Foraging, food security, and forest management

SP-01 Forest Foods, Medicines and Human Health

Ramps, ephemeral forest foods gathered in the spring in the southern Appalachian region.
Ramps, ephemeral forest foods gathered in the spring in the southern Appalachian region.

Delegates at IUFRO 2014 are excellent Often we just think that forests are trees. But, in fact, there’s a great complexity of plants, fungi and other organisms between the forest floor and the top of the tree canopy, many of them regularly used by humans for food, medicine or other purposes. It’s increasingly important to take these forest foods and medicines into account when coming up with forest management plans and accounting for ecosystem services.

Jim Chamberlain, in opening the session, noted that  in the current forest management paradigm, even though food and medicinal products from the forest are of the utmost concern for food security, health, and cultural reasons, they are very rarely taken into account in forest management plans and strategy. There is a real need for a vocal and visible constituency to ensure the sustainability of the plants, animals, fungi and other organisms that people across the world rely on for food, medicine, and often, their livelihoods.

“Though we regulate everything else coming out of forests, we do little to regulate forest foods,” said Chamberlain. “Globally these products have been given a wholesale value of $63 million, $5.8 million from North America alone, yet there’s still very little consideration of these plants in today’s forest management plans.”

This is troubling for the future of forest foods and for pharmaceuticals, as Kristina Wahala presented. Plant-originated compounds are incredibly important to the drug industry, with 60 percent of commercial drugs originating from plants or micro-organisms. Plant-derived drugs are valued worldwide at $22 billion annually. Big pharmaceutical companies continue to search the world for the lead components for new drugs just as tropical forests disappear and tropical biodiversity wanes.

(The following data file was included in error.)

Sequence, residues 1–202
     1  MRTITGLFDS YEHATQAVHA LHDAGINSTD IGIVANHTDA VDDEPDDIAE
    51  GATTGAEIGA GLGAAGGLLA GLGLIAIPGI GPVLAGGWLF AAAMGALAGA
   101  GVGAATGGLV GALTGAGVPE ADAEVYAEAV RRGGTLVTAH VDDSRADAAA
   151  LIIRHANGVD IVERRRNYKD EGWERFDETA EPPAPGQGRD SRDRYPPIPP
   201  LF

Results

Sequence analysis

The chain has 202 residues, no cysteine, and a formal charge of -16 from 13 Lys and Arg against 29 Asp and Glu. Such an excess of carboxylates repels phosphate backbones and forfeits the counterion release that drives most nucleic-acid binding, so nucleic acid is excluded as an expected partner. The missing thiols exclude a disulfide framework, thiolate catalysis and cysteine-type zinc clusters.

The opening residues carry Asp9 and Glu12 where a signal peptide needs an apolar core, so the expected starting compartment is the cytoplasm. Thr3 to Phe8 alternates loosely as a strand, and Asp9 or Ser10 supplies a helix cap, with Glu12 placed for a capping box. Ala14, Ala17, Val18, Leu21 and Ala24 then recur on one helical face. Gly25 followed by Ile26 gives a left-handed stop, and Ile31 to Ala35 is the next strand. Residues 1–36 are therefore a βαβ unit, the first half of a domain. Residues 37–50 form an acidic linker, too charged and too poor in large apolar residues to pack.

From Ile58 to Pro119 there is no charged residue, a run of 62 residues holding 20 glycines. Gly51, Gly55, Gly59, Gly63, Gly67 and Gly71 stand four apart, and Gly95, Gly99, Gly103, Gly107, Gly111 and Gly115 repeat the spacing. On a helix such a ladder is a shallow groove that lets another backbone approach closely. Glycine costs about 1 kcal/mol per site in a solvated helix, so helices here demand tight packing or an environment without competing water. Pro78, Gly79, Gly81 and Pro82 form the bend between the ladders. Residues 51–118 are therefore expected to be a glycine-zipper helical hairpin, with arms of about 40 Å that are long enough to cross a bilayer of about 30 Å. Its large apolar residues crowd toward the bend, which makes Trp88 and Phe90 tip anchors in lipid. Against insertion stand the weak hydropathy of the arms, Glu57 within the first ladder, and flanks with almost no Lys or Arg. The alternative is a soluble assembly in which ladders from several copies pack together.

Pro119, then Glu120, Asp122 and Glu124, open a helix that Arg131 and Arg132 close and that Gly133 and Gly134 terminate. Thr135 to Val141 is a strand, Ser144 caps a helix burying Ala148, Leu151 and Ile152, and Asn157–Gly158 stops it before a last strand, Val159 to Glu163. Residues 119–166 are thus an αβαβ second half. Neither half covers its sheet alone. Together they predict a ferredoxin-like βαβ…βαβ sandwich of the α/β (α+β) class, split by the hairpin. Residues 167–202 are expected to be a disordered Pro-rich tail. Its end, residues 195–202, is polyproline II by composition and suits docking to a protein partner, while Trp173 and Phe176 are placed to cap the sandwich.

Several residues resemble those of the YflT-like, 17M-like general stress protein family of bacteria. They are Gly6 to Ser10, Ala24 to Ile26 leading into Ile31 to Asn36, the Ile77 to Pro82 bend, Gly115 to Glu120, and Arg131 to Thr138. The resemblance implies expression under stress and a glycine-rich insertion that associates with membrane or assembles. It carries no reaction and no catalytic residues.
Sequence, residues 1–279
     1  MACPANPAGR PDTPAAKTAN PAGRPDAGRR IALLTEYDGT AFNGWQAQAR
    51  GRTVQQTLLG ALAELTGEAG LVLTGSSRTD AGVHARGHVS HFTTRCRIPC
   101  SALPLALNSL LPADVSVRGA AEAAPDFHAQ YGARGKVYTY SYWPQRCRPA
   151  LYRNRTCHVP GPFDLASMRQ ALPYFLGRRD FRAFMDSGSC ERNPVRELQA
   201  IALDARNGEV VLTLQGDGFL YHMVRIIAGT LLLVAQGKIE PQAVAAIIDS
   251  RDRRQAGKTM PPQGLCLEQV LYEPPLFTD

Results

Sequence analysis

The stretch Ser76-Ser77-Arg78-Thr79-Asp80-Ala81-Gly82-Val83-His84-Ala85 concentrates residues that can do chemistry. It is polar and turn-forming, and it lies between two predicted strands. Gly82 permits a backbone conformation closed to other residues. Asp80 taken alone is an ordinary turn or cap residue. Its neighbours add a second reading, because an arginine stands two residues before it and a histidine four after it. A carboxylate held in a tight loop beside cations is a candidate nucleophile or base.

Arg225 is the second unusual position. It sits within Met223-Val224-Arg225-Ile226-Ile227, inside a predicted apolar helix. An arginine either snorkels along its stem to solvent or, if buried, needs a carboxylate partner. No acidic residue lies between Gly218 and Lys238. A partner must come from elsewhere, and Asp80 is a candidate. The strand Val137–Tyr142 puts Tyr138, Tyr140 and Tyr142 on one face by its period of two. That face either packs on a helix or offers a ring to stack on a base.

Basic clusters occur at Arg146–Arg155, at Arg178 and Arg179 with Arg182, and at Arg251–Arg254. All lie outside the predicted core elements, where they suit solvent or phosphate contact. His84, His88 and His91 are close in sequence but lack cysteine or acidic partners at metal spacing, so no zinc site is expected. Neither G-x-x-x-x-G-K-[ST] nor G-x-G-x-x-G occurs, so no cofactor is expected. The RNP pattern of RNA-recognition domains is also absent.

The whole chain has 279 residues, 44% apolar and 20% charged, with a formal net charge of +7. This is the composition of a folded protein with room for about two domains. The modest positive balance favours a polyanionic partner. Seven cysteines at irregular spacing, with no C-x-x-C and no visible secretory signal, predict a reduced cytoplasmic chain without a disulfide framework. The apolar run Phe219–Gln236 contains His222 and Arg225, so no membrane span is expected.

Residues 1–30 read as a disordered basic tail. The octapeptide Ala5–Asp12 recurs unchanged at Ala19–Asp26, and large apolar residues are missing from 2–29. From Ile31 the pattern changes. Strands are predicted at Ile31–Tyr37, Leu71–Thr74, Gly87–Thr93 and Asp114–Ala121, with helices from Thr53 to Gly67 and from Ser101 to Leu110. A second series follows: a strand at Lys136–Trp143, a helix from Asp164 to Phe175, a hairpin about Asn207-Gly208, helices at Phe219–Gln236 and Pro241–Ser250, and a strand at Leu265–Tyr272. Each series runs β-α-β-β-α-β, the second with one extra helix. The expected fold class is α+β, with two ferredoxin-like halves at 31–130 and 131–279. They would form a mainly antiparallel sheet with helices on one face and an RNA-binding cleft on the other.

Apart from the global-scale pharmaceutical market, understory plants are also valuable at the household level as a food source. Carsten Smith-Hall cited in his talk that at least one billion people worldwide consume wild foods, mostly plants, and that poorer households on average consume a significantly higher proportion of wild foods in their diets. However, wild foods are currently not accounted for in assessments of food security and income, making them a vulnerable resource in the face of land use changes.

Smith-Hall emphasized that wild foods matter to rural communities, that they’re unlikely to be easily replaced, and that wild foods should be explicitly integrated into food security approaches integrated across agricultural, food, health, forest, and conservation institutions.

Marla Emery switched gears in her presentation about foraging in American urban environments. Through surveys in major cities, she shows that people in the United States forage in parks, rights of way, cemeteries, vacant lots, and interstitial spaces. She found that people forage for a variety of reasons, many because they’re on a tight budget but others because they’re foodies or nature lovers. Emery also talked about food sovereignty, the idea of foraging as a way of maintaining traditions, cultures, spiritual observations, and even family cohesion.

Robert Nasi made a compelling presentation about bushmeat as a non-plant form of forest food, arguing that this nutrient-rich food is important to the health and economic well-being of the people who consume it. He pointed out that 60 percent of bushmeat consists of rodents, rabbits, and small monkeys, and only two percent of endangered species. He suggested managing the most common sources sustainably and reducing need as the most viable approaches. Like the other researchers, he emphasized the need for a good monitoring system.

Again, while trees are a valuable component of forests, it is crucial to also recognize the importance of understory plants, fungi, and animals when making management decisions. Chamberlain and Emery both alluded to the next phase, moving from wild harvest of forest foods and medicines to forest farming.

Written by: Allison Chan

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